The choices for type are:

  IMAGE - imagery (e.g. satellite imagery)
  POINT - point source data (e.g. surface observations, profiler data, etc.)
  GRID  - gridded data (e.g. model output)
  TEXT  - textual data (e.g. raw observations)
  NAV   - navigation information (e.g. navigation codicils)
  ALL   - any of the above
The default data type to list is ALL.

To see what data types are included in the group BLIZZARD, you would run:

DSINFO X BLIZZARD

        Dataset Names of Type: IMAGE in Group: BLIZZARD                
                                                                       
Name         NumPos   Content                                          
------------ ------   --------------------------------------           
G7-IR-4K         3    Storm of the Century G7 IR                       
G7-VIS-1K        1    Storm of the Century G7 1K                       
G7-VIS-4K        3    Storm of the Century G7 Vis                      
G7-VIS-FD        1    Storm of the Century G7 16K                      
IMAGES          14    Storm of the Century Images                      
M3-IR            3    Storm of the Century M3 IR                       
M3-VIS           3    Storm of the Century M3 VIS          

        Dataset Names of Type: POINT in Group: BLIZZARD                
                                                                       
Name         NumPos   Content                                          
------------ ------   --------------------------------------           
PTSRCS           5    Storm of the Century Point Source Data           
SFCHOURLY        1    Storm of the Century Surface Observations        
SHIPBUOY         1    Storm of the Century Ship/Buoy Observations      
SYNOPTIC         1    Storm of the Century Synoptic Observations       
UPPERMAND        1    Storm of the Century Upper Air (Mandatory Levels)
UPPERSIG         1    Storm of the Century Upper Air (Significant Levels)

        Dataset Names of Type: GRID  in Group: BLIZZARD                
                                                                       
Name         NumPos   Content                                          
------------ ------   --------------------------------------           
GRIDS            5    Storm of the Century Grids                       

    No Datasets found of Type: TEXT  in Group: BLIZZARD
    No Datasets found of Type: NAV   in Group: BLIZZARD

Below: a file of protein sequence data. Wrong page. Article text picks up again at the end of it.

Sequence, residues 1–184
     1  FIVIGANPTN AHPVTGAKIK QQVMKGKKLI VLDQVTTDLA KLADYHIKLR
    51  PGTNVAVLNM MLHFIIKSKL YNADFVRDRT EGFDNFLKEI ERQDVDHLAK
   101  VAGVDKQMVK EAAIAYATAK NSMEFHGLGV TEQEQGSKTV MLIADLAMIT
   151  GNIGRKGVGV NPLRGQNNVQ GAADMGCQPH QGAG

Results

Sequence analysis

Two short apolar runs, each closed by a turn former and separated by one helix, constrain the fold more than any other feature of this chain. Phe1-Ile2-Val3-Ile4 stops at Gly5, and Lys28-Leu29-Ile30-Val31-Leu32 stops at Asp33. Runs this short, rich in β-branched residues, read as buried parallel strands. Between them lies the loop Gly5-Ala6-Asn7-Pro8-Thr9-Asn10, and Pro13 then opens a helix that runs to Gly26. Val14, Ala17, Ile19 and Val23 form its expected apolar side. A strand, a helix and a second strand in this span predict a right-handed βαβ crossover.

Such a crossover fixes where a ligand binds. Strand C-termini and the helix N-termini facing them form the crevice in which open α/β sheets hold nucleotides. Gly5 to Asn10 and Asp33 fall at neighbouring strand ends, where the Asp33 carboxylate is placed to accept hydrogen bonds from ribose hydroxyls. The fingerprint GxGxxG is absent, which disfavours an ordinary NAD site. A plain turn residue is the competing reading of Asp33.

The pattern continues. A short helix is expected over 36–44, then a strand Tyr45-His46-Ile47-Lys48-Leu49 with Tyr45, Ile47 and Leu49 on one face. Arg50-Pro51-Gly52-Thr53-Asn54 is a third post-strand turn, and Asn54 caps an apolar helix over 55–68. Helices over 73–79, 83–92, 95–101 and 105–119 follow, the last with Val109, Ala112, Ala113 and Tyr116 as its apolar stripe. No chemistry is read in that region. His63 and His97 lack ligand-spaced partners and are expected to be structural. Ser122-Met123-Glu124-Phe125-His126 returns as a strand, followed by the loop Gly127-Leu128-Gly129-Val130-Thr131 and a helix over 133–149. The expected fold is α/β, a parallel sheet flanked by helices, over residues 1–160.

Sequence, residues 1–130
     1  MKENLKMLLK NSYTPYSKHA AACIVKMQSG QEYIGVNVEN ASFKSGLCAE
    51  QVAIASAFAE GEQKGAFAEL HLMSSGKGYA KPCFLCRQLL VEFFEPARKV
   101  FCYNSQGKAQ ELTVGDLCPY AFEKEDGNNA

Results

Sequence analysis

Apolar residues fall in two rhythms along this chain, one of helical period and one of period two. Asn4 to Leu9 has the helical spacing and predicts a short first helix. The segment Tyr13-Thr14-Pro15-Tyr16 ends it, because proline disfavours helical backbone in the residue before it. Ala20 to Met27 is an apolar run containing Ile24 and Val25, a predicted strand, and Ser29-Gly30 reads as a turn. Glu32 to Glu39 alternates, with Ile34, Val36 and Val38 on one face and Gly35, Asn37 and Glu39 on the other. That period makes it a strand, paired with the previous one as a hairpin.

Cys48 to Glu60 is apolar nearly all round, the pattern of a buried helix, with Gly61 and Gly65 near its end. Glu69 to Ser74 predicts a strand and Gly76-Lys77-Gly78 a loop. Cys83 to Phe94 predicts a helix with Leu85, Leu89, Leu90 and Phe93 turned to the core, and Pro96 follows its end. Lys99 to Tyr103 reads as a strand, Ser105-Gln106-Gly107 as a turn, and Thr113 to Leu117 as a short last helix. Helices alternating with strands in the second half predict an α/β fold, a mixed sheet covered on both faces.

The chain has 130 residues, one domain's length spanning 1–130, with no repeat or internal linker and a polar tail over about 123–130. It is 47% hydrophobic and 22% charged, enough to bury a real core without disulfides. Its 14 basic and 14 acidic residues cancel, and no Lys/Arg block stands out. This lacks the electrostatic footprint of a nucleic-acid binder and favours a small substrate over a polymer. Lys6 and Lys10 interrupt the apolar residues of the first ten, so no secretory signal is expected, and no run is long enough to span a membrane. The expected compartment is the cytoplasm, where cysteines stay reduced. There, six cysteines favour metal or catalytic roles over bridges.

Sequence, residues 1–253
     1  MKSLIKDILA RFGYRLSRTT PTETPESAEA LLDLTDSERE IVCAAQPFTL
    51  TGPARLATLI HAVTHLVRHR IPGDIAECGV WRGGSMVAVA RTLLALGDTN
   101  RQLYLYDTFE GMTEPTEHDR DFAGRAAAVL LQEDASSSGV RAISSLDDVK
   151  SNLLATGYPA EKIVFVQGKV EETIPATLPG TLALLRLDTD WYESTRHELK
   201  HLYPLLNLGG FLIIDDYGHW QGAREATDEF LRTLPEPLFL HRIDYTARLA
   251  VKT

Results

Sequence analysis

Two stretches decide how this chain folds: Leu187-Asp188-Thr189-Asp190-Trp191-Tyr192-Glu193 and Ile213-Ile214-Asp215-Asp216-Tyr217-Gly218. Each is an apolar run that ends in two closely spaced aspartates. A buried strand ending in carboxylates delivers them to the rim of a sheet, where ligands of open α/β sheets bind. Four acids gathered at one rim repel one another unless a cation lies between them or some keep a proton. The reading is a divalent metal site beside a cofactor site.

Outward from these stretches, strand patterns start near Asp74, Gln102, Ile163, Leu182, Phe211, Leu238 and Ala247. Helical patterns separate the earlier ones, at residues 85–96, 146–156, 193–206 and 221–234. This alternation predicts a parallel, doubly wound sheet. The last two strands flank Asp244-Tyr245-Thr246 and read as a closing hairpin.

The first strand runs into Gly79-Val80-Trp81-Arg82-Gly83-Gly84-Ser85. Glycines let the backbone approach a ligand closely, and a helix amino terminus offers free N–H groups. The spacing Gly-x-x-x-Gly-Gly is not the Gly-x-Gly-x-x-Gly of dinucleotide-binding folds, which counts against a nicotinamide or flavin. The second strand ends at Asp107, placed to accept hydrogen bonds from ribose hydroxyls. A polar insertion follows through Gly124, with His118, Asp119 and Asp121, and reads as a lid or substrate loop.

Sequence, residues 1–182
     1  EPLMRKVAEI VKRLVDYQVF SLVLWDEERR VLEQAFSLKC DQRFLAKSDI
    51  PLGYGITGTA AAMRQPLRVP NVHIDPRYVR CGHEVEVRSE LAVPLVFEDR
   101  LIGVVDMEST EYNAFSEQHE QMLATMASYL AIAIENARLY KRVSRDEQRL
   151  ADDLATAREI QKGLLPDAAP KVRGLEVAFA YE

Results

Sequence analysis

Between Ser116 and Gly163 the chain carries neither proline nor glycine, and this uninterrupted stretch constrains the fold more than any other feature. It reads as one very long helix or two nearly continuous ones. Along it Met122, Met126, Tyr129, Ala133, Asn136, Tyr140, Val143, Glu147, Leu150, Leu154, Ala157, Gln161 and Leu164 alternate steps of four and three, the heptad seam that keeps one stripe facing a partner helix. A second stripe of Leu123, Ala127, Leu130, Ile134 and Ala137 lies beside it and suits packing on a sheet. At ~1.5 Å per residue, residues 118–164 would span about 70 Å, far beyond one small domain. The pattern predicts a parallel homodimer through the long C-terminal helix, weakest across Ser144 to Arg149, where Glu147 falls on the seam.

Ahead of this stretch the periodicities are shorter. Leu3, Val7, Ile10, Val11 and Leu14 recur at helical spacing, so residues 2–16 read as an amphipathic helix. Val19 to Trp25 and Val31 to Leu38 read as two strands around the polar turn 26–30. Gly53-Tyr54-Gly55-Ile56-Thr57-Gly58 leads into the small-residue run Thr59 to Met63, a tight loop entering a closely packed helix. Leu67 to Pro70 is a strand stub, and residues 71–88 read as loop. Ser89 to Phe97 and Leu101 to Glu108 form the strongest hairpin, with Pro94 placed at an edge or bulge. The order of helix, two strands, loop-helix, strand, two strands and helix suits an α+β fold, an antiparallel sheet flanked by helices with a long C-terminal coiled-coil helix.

DSINFO -- done
The entries listed under Name are generically referred to as descriptors. Descriptors are not data files; they are names that identify sets of data files. Descriptors are very flexible. Different descriptors within a group can point to the exact same collection of data, or to various subsets. For instance, the descriptor IMAGES was defined to point at all of the data in all of the other descriptors for group BLIZZARD.

McIDAS Data Files

McIDAS provides the DMAP command for listing out the location of any/all files accessible to McIDAS sessions. DMAP uses information defined in the user's file REDIRECTion table and in the directories defined in the users's MCPATH.

The McIDAS data file naming convention uses the following prefixes to identify particular data, and auxiliary types:

  AREA - imagery (e.g. satellite imagery)
  MDXX - point source data (e.g., surface observations, profiler data, etc.)
  GRID - gridded data (e.g., model output)
  TEXT - textual data (e.g., raw observations)
  VIRT - virtual graphics (e.g., map outlines)

DMAP invoked without file specification:

DMAP
will list out all files that are accessible to you McIDAS session. These are files that are be contained in the session's file redirection table and in the directories detailed in the session's MCPATH. **Caution** this listing could be extensive!

DMAP can be instructed to look for individual or sets of files that have similar names. DMAP uses the characters specified on the command line as a mask for the file names that it should list. For instance:

DMAP AREA
will list out the locations of all files whose names begin with AREA.

DMAP AREA01
will list out the locations of all files whose names begin with AREA01 and so on.